5. Ditto. The 18-55 is already a G lens, and obviously DX. You shouldn't have bought the 70-300, though. You might regret it. The 55-200 VR is really a better lens for the same price, unless you make the leap to the 70-300 VR, which is a substantially better lens than either, but at three times the price. They are all G lenses (not that that matters), but only the 55-200 VR and the 70-300 VR have AF-S (as Nikon's internal focusing is properly denoted).

    Are you sure the soliciting email came from the seller and not some third party? There are unscrupulous companies that gather up recent purchase information and target the new customers with these scams, but those offers don't come directly from the seller. One last word of advice, from someone with over 15 years of experience buying things online: If it smells like a scam, it's always a scam. Honest vendors are very transparent and precise in the language they use to offer you deals. An honest vendor wouldn't have made these mistakes. Only a scam phishing website with unscrupulous phishing bots would have sent you that email.
     
  6. ShunCheung

    ShunCheung Administrator

    Nikon 70-300mm f/4-5.6 AF Zoom- Nikkor​
    That is immediately a red flag. The current popular 70-300 is a f4.5-5.6 AF-S VR. The f4-5.6 (instead of 4.5-5.6) is one of the two older versions. Most likely they are throwing the very cheap non-ED vesion to you: http://www.bhphotovideo.com/c/product/207359-USA/Nikon_1928_AF_Zoom_Nikkor_70_300mm.html
    That lens only worths about $150.
    The shop you are dealing with has all sorts of bad signs. I would buy the camera else where.
     
  7. Scam.
     
  8. Just buy those from BH Photo or Adorama. Be careful when dealing with weird sellers such as this one offering you bogus upgrades. I once tried to order flash from one of them "cheap" places and after they tried to upgrade me to some super duper batteries for 50 dollars more and I said no way, they canceled my order and said the unit was out of stock. I shop at BH since.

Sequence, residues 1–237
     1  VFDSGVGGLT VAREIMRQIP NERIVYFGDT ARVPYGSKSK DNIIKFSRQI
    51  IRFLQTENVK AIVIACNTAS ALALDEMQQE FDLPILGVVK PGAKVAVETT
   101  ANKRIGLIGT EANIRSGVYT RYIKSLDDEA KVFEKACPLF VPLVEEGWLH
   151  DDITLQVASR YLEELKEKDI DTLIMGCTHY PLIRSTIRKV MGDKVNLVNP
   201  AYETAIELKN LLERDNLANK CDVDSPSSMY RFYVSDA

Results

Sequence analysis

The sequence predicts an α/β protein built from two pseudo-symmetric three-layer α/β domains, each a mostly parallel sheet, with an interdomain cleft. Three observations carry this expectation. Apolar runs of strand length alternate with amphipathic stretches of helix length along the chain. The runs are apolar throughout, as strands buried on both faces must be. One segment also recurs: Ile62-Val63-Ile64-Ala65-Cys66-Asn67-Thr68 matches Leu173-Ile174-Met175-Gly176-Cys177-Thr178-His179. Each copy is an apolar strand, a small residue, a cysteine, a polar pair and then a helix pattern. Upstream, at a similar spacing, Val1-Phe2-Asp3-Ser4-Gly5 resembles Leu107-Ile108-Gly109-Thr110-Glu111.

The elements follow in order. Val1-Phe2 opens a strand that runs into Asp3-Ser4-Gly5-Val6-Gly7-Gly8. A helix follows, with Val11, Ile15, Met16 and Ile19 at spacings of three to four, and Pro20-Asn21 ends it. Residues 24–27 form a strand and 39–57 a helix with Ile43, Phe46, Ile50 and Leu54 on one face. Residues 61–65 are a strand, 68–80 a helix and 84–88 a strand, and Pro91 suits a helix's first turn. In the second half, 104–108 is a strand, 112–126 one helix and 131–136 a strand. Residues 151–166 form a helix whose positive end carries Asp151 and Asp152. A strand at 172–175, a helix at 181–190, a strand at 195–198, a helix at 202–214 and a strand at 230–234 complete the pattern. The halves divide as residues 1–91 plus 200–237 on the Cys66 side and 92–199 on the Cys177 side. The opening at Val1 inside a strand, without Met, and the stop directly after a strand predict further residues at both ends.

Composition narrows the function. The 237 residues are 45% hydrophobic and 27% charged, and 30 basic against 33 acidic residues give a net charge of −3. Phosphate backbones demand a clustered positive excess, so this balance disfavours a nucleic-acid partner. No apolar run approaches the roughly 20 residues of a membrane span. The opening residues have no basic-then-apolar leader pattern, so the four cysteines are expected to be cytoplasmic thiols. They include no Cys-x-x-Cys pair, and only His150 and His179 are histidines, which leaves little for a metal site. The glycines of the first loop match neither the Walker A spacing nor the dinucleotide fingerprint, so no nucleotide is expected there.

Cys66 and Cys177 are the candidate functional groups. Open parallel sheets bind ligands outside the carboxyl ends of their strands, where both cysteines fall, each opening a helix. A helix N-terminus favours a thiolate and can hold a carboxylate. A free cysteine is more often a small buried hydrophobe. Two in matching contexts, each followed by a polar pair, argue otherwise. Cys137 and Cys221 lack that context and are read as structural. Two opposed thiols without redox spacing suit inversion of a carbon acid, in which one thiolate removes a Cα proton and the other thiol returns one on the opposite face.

9. Check your store with resellerratings.com immediately.
    Then, if they don't check out, cancel your order immediately.
     
  10. it's a pity how people save for a long time, like the OP, to make their big purchase, only to get seduced by one of the scam operators, and then screwed with the old bait-and-switch routine... when will we ever learn, if it's too good to be true...
    i hope it isn't too late for this person, who at least has the presence of mind to realize something doesn't seem quite right...
     
  11. Thanks, guys!
    I did my homework on the seller- and everything checks out. This is not once of those super cheap package deals- I am paying a decent amount of $. I emailed the seller to ask for more specifics about the lenses, including photos.
    I also visited the Nikon site and read about the lenses I should receive, and looked at the values. The 3 lenses total $427 according to Nikon set prices, so I realize these are not advanced/pro level!
    I also purchased using a purchase guarantee, so I can cancel at any time and get a full refund. I may do this when the seller replies with the specifics.
    Thanks again!
     
  12. Are you in the US, is the equipment imported by Nikon or is it gray market? Have you compared prices to BHPhoto or Adorama?